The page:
After the sea was split in our Parsha, Beshalach, the Torah says (14:31), “And they believed in G-d and His servant Moshe.” As Rav Aron Tendler wonders, what exactly did they believe in? It can not mean that they believed in the existence of G-d and Moshe, because they saw G-d, and new that Moshe existed. If you know something, it’s fact, not belief, so what is the Passuk (verse) referring to by using the word “believed”?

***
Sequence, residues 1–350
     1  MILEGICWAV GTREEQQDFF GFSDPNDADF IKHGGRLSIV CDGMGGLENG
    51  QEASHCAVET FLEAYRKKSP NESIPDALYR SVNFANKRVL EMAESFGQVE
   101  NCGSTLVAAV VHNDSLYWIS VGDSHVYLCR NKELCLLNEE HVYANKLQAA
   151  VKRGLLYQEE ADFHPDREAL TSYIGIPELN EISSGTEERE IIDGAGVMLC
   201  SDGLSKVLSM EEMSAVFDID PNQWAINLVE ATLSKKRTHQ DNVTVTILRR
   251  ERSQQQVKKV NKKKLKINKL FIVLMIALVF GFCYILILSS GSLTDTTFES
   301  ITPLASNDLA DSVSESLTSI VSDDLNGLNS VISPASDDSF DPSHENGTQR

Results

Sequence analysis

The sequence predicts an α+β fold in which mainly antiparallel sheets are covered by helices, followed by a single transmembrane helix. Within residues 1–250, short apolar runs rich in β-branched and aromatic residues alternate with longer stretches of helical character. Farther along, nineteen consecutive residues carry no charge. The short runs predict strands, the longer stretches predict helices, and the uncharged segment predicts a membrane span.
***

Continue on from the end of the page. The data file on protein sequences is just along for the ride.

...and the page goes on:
Rav Tendler explains that following the splitting of the sea, the Jews understood far more than the obvious reality of G-d’s power and majesty. They understood that they had been chosen to the exclusion of the rest of the Egyptians, and the rest of the world. They also understood that being chosen meant that they had a mission to accomplish. Therefore, their stated belief was not for that which they had already experienced or witnessed, but with accepting their station and responsibilities as the world’s designated teachers. As Jews we need to ensure that all our actions reflect the dignity, honor and responsibility we were given.